Shutterbug Friday #2:
England Swings . . . Kurt Hutton is There!

Among those artists who joined the exodus out of Germany once it became clear that the National Socialists weren't kidding was the soon-to-be eminent photojournalist Kurt Hutton. In 1938 he signed on to the staff of Picture Post, Britain's answer to the American weeklies Life and Look. Here is a sampling of his work, focused exclusively on life in Britain, such as it was, from the late 1930s to the mid 1950s.

















































15 comments:

Mademoiselle C. said...

All those pictures have some magic in them, the magic of the past.

Thanks for sharing!

Vanwall said...

Wow! A lovely series, with some interesting subject matter - the dolls and mannequins are wonderfully suggestive. The pub shot, 6th from the bottom, is a kind of masterpiece,

justjack said...

"The pub shot, 6th from the bottom, is a kind of masterpiece"

Yes it is; that's the picture that caused me to linger for a very long time. It's so well ordered (the composition, the people, and the various grids in the walls and window), and yet so vibrant, so full of life, and so very deep, too; the world of that photo, extending as it does well beyond the exterior window, is jammed with life.

I want to jump into that picture. It makes me feel the way the last panel of an Asterix comic always does, when the entire village is having its joyous feast under the stars. I want to be with those people.

It Will Come to Me said...

Thank you for these wonderful photos. I'm of an age where they feel vaguely familiar (more so than things that happened last week as it happens).

Vanwall 2:31am.

I'm none too sure that the photo you take to be of a pub is shot in a pub. Firstly it would be very unlikely that there would have been a window of that size in a pub then (or now come to that). Also there are tea/coffee cups on the tables and what looks like a fairy cake which most certainly would not have figured in pub society in the '40s/'50s. I knew a publican in the '60s who when asked for a 'half of shandy' (beer mixed with lemonade) would retort "This is a public house not a bloody youth club"! I suspect the photo may have been shot in a tea room, on the other hand the bar stools would have been a bit of an anachronism. Come to that bar stools in pubs of that era would have been an anachronism too.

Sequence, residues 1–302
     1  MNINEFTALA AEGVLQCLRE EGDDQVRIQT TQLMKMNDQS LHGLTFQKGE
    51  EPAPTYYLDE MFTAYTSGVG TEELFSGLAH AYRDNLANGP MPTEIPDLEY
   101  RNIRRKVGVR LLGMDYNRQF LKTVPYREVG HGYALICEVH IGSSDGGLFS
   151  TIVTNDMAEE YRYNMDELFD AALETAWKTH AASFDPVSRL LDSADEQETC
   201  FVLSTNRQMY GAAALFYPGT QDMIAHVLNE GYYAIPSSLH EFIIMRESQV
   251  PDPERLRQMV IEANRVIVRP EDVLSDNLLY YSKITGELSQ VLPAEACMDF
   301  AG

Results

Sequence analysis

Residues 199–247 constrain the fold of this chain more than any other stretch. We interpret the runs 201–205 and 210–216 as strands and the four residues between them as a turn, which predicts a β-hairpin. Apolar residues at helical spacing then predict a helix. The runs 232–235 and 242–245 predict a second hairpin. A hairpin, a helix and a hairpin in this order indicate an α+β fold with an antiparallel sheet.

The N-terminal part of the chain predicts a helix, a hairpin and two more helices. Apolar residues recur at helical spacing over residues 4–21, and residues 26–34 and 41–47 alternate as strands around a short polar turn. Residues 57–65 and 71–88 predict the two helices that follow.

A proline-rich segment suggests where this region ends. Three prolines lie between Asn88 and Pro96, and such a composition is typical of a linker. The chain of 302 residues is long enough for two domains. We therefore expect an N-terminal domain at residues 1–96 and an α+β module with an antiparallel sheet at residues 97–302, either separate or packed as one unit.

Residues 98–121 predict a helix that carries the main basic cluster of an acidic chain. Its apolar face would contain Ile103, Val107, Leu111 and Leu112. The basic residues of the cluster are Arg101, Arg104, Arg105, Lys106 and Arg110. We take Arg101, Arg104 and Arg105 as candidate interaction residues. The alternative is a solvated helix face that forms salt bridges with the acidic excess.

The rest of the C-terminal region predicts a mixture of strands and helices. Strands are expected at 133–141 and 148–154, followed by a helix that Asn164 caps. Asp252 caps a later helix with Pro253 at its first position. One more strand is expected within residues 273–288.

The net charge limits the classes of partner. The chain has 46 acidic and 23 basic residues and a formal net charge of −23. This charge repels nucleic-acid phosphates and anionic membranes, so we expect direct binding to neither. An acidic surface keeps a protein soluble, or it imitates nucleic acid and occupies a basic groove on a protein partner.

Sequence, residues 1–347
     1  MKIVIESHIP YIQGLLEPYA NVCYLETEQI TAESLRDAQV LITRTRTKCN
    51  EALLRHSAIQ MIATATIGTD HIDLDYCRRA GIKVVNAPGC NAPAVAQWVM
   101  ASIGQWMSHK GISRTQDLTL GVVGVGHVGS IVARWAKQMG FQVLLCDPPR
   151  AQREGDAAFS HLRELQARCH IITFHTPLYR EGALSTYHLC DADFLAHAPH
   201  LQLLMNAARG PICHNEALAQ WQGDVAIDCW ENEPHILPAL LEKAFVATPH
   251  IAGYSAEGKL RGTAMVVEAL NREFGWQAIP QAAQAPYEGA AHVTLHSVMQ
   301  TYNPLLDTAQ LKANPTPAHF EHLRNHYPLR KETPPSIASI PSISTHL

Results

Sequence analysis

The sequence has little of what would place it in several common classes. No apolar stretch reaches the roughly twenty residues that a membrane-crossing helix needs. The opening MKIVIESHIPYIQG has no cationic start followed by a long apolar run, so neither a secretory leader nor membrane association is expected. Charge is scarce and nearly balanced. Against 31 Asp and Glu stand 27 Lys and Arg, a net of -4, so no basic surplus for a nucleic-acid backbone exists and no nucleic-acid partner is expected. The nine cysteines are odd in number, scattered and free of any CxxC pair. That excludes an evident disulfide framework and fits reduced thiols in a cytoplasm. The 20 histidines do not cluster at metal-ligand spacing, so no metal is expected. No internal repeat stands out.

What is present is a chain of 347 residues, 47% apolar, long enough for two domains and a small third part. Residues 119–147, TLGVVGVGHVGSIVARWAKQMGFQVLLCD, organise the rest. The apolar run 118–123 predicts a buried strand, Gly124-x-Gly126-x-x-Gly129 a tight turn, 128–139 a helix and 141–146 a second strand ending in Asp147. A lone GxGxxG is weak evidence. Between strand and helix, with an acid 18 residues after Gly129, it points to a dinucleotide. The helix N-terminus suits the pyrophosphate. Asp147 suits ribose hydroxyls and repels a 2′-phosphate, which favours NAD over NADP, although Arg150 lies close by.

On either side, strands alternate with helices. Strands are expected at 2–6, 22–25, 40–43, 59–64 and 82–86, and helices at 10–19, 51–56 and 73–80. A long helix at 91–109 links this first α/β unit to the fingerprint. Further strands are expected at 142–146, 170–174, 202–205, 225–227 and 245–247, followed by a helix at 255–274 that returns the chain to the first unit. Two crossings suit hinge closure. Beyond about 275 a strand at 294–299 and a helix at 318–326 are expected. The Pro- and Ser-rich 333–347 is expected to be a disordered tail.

parallel-botany said...

wonderful images.

joel. said...

a fantastic series.
thank you

marietta said...

Die inbruenstick betenden kinder,in ihrer glaubhaftigkeit sind sehr beeindruckend.Um nur ein foto zu beurteilen,danke dafuer.

Fred said...

Every picture tells a story don't it?

Robert Fiore said...

That "Society of Individualists" image could have come straight out of a Boulting Brothers movie, and the one with the little kids praying across from Bobbie Gentry is priceless, but what really intrigues me is the one of the two women across from Joyce Grenfell. Would the then-illegal relationship I infer here be (a) obvious to the contemporary viewer of the picture, or (b) a matter of hiding in plain sight, or (c) just something I'm imagining through the lens of the present?

marietta said...

Viele werden sagen,"da brauche ich nur `ne Camera mit einem 50ziger Ojektiv oder einem 35ger und fotografiere drauf los,das kann ich auch überall mal reinschauen reingehen usw.Du hast es aber nicht gemacht.Er schon.Frueher war das die Arbeit und Aufgabe der Niederlischen Genremaler,Wirtshauscenen,und das übrige Alltaegliche.Eine großartige Arbeit und Vielfaetigkeit.Hut ab.

Kreisler said...

No 6 definitely isn't a pub. I think you're right with a tea room. I'd for somewhere like Harrogate catering for respectable Sunday outings.

Wellwynder said...

Outstanding selection of photos - very evocative. The 'pub' photo is definitely not a pub, but a tea-room, for all the reasons already rehearsed. Assuming this is the 1950s, the bar-stools would have been very trendy.

Max said...

The "Society of Individualists" followed by the doll mold gave me a chuckle. Excellent sequencing.

pal shazar said...

thank you many times over for these unforgettable images.

Testify said...

Would the then-illegal relationship I infer here be (a) obvious to the contemporary viewer of the picture, or (b) a matter of hiding in plain sight, or (c) just something I'm imagining through the lens of the present?

I think this is just a photo of friends. It should be noted however that lesbianism, whilst taboo, was never illegal in the UK. Male homosexuality was illegal. Apparently Queen Victoria simply refused to believe that female homosexuality existed and so it was never legislated against (though this is surely an apocryphal tale I know of no other reason for this anomaly).